Following news the union representing state correctional officers reportedly plans to fight California's potential COVID-19 vaccination requirements for its members, prison advocates are sounding the alarm over the health risks they say such a move would pose for incarcerated populations across the state.
UC Hastings professor Hadar Aviram told KCBS Radio on Wednesday that because of already low vaccination rates among prison guards, the highly transmissible delta variant leading to nationwide surges and the cramped conditions of many state prisons, the state should require workers at correctional facilities to be vaccinated.
"Most of the people who work on the custodial side of things, which is to say the rank-and-file prison guards, are state employees," Aviram said. "And, as such, they should be covered (by) the vaccine mandate like everybody else."
The Sacramento Bee on Tuesday obtained a memo the California Correctional Peace Officers Association circulated to its members last week. Union officials wrote that, although its members would be required to be fully vaccinated no later than Sept. 30 since most state prisons have healthcare facilities, they would ask the state to halt the order since it violates the employees’ contract.
Public health officials told the paper that prison healthcare facilities aren't part of the order, and that the department will issue new guidance for prisons and other "congregate settings."
Last week, the federal receiver overseeing medical care at the state’s prisons asked U.S. District Judge Jon Tigar in San Francisco to require vaccines for all prison employees. Only 52.4% of staff in state prisons are fully vaccinated, according to data from the California Department of Corrections and Rehabilitation, compared to 73.3% of those who are imprisoned.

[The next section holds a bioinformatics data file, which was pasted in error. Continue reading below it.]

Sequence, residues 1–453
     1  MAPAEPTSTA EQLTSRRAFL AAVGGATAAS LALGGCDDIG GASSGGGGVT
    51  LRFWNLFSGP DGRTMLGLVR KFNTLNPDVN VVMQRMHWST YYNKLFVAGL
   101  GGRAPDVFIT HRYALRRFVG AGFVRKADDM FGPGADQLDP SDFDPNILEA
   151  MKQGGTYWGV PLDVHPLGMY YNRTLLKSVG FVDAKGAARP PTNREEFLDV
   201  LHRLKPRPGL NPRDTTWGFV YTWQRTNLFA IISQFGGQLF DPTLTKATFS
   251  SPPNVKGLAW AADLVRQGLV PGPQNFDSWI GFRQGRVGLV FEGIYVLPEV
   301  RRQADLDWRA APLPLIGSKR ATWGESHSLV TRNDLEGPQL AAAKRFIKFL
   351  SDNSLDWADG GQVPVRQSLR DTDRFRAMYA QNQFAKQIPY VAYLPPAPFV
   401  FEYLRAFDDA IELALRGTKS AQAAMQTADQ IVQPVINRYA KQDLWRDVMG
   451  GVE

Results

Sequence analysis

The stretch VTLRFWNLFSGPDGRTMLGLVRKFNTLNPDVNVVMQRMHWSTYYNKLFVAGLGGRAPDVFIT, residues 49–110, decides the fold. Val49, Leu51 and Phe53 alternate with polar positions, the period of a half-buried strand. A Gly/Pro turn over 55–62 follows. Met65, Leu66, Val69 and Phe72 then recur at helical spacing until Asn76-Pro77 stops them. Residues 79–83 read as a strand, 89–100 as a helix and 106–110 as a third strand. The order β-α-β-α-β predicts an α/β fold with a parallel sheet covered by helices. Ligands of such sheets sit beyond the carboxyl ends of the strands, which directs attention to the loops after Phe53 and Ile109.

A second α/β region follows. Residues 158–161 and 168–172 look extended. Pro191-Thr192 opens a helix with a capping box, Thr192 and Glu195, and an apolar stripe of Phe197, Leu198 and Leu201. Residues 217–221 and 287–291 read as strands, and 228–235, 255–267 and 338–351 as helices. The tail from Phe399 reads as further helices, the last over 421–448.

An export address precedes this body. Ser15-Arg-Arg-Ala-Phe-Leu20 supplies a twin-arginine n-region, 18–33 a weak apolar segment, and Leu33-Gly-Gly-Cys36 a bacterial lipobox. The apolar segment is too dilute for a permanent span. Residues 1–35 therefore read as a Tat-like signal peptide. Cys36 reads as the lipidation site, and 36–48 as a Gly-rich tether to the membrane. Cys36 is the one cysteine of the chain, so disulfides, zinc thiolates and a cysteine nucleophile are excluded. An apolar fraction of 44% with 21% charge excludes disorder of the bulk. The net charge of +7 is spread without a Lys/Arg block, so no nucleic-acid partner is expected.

Since last March, California has had nearly 50,000 confirmed cases of COVID-19 among state prisoners. Currently, just shy of 100,000 people are imprisoned.
Over that same span, about one in every 10 people in California has had a confirmed positive case.
"Each and every one of these people has a share in the catastrophe that we have seen, which is the most serious medical catastrophe to happen in a prison in the United States ever," Aviram said of guards and correctional officers who chose not to get vaccinated. "It is essential that every single person working in a correctional institution get vaccinated."
Aviram said prisoners have shared reports of guards mocking them for wearing masks or calling COVID-19 a hoax, while others have alleged some refused to wear masks. With vaccination rates also low among other law enforcement officials, including in police and sheriff’s departments, Aviram argued public officials need to consider how many people are incarcerated and imprisoned.
"And the bottom line is that if it is a problem for the sheriff's department, or for CCPOA or for the state of California to recruit people who cannot be conscientious about (protecting) the people that they are guarding from a medical catastrophe, the conclusion is we should not be (incarcerating) nearly as many people as we do," she said.